Wickmonk Missionaries

Wickmonk Family Missionary update

After a year-long, Covid-19 created delay, we have come back to the United States for the first time in three years. We all took Covid tests before flying out of Tunisia and then had what was probably our most relaxed intercontinental travel experience ever, unfortunately, as the result of quiet, eerily empty airports and half-full airplanes. The morning after we landed in Minnesota, the three of us who were old enough got out of bed and drove five minutes away to receive our first vaccine shot.

Meanwhile, the country we left behind is in Covid-created turmoil. Tunisia performed fairly well over the past year or so, trying to balance health concerns with the economic needs of a poor country. Unlike in many parts of the world, we had school most of the year except for about eight weeks, with short-term closings spread out based on the Covid situation at different times over the year. Thankfully, youth sports went on as usual — our kids all play soccer basically year-round.

Although a nightly curfew ranging from 4 to 10 pm has been in place for well over a year, restaurants and shops have mostly been open, with fluctuating limitations on indoor seating or capacity. Masks have been required in public places. Our lives were fairly normal, with no frills. However, over the past several months the situation has changed dramatically, with the arrival and proliferation of the newer Delta variant. Infections and deaths are now the highest by far they have ever been in the country. Hospitals are now basically full — as are the morgues — with important supplies like oxygen depleted as well. We have even seen several pleas by individuals on social media asking where they can find oxygen for sick family members. Tunisia now has the highest Covid death rate in Africa and the Arab World as well. As a result of all of this, just over the past week or so Tunisia has reintroduced stricter restrictions. Weekend lockdowns have been instituted for the time being, indoor seating at cafes and restaurants has been prohibited and movement between regions has been barred. Mosques are closed for worship, too. And, just yesterday, youth sports clubs and leagues were closed. For more details on the situation in Tunisia, please read this article and this article, too.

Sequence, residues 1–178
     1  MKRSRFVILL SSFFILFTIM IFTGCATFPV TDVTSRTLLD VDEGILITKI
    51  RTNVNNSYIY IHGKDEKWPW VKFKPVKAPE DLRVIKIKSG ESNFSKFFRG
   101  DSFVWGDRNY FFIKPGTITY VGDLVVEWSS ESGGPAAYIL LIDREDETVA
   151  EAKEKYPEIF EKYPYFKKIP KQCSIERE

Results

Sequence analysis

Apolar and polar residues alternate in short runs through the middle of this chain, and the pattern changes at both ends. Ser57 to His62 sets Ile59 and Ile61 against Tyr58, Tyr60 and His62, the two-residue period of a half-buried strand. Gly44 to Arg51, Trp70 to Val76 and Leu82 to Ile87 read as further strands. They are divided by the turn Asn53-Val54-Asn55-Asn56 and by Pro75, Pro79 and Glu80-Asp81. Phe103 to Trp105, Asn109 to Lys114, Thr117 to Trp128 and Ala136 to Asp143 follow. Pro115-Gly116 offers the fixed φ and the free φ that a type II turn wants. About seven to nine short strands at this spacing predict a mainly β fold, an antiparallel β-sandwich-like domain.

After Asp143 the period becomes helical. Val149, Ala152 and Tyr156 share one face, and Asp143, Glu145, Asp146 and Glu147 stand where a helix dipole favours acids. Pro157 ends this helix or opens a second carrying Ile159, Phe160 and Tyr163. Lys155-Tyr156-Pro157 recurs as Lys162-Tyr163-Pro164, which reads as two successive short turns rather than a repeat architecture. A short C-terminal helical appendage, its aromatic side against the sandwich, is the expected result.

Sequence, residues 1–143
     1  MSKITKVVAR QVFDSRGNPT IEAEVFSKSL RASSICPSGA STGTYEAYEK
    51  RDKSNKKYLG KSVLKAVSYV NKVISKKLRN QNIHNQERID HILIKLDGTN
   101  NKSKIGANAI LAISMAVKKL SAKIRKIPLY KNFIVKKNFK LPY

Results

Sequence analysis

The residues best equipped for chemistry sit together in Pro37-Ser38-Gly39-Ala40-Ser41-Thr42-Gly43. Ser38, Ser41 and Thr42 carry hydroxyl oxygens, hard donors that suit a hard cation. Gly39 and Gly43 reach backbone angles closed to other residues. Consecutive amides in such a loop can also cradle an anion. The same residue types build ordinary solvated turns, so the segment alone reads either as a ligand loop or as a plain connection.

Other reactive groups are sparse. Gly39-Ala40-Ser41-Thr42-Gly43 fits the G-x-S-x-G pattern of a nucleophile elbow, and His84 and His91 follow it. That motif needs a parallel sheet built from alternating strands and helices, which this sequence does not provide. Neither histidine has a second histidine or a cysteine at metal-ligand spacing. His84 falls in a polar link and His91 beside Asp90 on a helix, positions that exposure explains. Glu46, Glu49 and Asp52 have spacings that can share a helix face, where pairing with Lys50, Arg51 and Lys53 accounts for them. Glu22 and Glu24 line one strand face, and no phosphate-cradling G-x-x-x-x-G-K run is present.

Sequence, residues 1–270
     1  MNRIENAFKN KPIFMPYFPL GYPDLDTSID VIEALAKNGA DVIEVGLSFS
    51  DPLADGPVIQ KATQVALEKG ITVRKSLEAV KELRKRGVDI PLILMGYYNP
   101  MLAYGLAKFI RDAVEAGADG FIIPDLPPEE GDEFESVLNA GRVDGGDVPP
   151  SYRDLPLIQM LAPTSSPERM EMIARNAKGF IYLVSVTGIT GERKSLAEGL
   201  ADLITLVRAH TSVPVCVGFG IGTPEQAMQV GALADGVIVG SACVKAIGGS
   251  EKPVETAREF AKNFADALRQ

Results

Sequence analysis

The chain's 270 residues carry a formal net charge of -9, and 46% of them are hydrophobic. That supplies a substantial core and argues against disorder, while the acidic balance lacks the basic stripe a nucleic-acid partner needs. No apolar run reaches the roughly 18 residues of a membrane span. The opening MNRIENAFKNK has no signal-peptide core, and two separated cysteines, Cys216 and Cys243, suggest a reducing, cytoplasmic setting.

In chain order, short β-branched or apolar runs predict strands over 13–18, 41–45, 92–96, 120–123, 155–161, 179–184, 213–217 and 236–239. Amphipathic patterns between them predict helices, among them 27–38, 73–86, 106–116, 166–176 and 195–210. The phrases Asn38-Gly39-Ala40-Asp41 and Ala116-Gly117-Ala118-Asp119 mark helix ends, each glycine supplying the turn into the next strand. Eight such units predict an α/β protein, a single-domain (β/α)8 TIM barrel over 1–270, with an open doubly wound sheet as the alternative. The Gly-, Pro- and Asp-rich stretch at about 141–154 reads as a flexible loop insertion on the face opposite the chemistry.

We are grateful and happy to be back in the US connecting with family and friends after a long three years and to have a chance to get our vaccines. We are grieving with our community in Tunisia who have lost so many family and friends over the past few months and pray that the vaccines become more widely available in Tunisia, too.

We are so thankful for your support and continued interest in our work and the people of North Africa and Tunisia. Please think of the country and lift up the people there in your prayers.

Matt, Annamarie, August, Blaze and Everbloom
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